FOOTBALL referees aren’t criticised by sports commentators as much as they think they are, according to new research.
A study carried out at the University of Portsmouth found that professional pundits don’t make as many negative comments about referees’ actions as is believed.
Dr Tom Webb, a senior lecturer in sports management and development, analysed live commentaries and post-match discussions for 20 English Premier League matches to reach the findings.
The study, Referees and the Media: A Difficult Relationship but an Unavoidable Necessity, published in Soccer & Society, showed that the amount of time spent discussing the referee during live commentaries amounted to a total of 37.5 minutes over the entire 20 matches.
And of the 267 total comments made about the referee during the matches, only 29 were judged negative.
Dr Webb said: ‘Most people will be surprised by these statistics. We analysed 20 live matches, including the post-match analysis, which is a significant amount of coverage – at least two hours of content per match.
The negative comments were minimal compared to the positive or neutral commentsDr Tom Webb
‘The negative comments were minimal compared to the positive or neutral comments. That was really unexpected.’
Interviews with referees in previous academic studies found that match officials believed the media was responsible for much of the pressure they felt.
Dr Webb’s study found that post-match analysis was more critical of referees’ performances, but these negative comments were reserved for an error which was obvious and was thought to have affected the outcome of the game.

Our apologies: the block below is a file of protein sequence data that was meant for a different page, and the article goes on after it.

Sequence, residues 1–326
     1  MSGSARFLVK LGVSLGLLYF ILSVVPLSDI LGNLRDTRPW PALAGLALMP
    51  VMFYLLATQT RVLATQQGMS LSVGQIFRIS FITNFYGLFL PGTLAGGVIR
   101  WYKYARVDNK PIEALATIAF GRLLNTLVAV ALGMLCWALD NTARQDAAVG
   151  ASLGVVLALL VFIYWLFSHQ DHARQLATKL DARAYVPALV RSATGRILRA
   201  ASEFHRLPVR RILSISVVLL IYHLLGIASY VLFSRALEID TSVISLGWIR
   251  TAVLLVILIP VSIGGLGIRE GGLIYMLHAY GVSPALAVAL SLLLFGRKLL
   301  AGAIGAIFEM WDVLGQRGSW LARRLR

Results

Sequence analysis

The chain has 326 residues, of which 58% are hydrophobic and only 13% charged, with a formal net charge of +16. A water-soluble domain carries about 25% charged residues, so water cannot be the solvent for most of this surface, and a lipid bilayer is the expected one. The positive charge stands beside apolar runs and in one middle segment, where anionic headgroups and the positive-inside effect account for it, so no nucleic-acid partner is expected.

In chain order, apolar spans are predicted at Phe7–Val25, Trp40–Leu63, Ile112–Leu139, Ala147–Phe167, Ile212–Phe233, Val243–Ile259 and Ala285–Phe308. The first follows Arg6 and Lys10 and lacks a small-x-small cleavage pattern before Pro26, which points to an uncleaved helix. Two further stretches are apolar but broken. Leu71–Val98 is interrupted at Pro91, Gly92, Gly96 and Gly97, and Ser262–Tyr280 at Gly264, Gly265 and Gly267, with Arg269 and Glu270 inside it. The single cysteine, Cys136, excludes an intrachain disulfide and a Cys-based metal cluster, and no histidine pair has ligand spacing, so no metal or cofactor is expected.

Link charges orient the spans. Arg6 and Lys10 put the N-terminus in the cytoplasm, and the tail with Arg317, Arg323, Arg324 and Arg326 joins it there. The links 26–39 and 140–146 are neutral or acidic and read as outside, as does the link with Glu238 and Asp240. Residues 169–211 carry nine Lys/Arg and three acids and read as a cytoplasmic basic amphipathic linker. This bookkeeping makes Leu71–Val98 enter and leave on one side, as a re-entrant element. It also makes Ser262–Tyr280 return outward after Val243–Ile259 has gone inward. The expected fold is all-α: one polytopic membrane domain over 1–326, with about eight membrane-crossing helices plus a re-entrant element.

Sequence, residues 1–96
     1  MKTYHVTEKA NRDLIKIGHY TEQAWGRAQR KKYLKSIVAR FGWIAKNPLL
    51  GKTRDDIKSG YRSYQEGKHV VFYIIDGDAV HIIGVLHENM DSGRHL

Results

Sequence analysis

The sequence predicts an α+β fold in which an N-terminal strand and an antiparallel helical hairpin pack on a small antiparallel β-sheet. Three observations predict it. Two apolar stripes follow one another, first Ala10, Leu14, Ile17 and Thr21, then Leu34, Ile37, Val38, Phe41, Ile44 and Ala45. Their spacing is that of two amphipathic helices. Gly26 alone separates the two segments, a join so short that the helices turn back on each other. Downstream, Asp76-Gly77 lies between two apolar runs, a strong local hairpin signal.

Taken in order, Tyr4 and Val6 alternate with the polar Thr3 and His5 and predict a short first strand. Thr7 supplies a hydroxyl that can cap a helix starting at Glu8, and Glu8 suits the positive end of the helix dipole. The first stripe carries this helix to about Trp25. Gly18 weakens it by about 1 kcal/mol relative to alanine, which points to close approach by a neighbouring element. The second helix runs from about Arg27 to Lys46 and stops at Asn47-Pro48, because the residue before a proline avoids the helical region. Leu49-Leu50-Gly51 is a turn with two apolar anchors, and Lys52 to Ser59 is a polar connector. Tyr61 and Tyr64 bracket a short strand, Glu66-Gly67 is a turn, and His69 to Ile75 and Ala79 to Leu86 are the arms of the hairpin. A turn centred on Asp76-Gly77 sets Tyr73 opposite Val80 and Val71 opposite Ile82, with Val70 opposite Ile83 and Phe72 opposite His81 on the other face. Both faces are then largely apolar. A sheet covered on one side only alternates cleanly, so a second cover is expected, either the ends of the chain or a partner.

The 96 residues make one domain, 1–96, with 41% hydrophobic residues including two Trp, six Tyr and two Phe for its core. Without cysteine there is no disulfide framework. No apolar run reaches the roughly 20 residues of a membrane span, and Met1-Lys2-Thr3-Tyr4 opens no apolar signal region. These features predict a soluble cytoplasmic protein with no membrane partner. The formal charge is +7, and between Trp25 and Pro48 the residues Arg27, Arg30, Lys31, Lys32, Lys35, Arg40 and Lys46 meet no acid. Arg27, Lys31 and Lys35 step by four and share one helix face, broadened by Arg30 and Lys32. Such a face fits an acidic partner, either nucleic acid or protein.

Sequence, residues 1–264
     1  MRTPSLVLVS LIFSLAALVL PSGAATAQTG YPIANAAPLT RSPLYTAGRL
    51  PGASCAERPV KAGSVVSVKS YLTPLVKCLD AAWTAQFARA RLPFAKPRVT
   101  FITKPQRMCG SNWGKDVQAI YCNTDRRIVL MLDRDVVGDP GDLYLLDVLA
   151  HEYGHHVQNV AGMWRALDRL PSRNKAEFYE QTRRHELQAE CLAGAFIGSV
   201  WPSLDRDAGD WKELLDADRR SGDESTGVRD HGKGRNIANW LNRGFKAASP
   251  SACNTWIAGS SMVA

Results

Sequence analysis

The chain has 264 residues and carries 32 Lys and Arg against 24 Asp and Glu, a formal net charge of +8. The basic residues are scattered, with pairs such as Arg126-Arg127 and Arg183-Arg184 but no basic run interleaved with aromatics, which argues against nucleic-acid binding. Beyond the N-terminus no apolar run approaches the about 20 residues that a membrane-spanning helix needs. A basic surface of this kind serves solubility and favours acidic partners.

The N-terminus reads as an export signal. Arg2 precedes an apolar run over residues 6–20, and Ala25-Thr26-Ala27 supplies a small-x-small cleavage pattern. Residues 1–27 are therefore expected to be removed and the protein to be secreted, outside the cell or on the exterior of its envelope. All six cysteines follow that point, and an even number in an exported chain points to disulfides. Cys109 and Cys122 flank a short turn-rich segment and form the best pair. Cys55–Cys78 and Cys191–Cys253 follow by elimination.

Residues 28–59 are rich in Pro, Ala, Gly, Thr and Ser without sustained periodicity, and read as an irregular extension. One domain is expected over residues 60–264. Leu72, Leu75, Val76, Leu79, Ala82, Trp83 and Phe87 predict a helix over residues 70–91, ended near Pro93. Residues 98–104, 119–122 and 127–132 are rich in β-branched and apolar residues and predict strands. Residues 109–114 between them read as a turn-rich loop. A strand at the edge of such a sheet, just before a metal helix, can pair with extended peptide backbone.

The sport scientist also carried out interviews with people working in sports media, and found that views about the standards and quality of Premier League refereeing were generally positive.
He said: ‘The pressure that referees find themselves under today is unprecedented. Matches tend to be determined as much on decisions about tenuous penalty kicks or marginal offside decisions as on the superior play of one team.
‘These refereeing decisions can be pivotal for a team’s prospects of winning championships, qualifying for lucrative European competitions or avoiding relegation.
‘But the pressure that referees believe they are under is not an accurate reflection of the current environment.’
Dr Webb broke down discussion during the 20 matches into four categories, with the following results:
*Neutral comments: 113 incidents (41.85 per cent)
*Positive comments: 69 incidents (25.56 per cent)
*Comments questioning the referee’s action: 59 incidents (21.85 per cent)
*Negative comments: 29 incidents (10.74 per cent)
Dr Webb said: ‘There is an acceptance that mistakes can and will be made, but that referees are trying to do their best under difficult circumstances. Comments recorded during live broadcasts also supported this.’
He believes referees’ perception of the pressure they are under can lead to errors in performance, increased tension before matches and worries about making wrong decisions.